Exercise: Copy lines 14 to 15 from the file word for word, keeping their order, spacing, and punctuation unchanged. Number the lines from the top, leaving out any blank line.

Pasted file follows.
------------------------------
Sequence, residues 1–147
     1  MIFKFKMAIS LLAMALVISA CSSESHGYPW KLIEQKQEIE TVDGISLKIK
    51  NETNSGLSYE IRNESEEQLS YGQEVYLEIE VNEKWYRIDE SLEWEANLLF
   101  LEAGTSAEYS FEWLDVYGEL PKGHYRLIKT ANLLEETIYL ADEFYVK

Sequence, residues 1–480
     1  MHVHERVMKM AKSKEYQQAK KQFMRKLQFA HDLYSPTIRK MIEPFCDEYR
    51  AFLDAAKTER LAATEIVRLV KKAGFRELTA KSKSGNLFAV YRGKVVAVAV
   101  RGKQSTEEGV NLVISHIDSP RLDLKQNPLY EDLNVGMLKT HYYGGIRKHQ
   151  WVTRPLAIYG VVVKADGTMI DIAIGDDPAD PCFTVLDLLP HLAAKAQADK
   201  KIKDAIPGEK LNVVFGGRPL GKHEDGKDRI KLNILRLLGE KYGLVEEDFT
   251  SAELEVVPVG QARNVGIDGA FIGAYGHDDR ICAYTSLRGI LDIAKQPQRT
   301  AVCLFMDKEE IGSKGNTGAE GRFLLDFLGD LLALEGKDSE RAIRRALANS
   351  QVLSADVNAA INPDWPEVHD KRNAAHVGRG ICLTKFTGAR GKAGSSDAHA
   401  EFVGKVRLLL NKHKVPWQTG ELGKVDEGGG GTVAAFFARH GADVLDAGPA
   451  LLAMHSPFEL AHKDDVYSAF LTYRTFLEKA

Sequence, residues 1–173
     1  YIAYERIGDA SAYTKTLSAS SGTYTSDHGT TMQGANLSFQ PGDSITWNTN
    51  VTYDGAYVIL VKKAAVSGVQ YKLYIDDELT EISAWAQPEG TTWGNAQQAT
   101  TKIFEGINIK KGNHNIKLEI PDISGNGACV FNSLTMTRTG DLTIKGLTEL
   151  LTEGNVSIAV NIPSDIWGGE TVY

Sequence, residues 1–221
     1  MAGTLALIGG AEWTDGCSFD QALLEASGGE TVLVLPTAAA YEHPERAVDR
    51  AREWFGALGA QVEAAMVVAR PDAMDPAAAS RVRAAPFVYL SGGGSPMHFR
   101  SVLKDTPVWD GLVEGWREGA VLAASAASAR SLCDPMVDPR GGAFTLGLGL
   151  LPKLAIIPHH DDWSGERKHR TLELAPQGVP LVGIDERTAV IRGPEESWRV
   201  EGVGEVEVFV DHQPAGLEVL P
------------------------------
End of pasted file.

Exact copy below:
   401  EFVGKVRLLL NKHKVPWQTG ELGKVDEGGG GTVAAFFARH GADVLDAGPA
   451  LLAMHSPFEL AHKDDVYSAF LTYRTFLEKA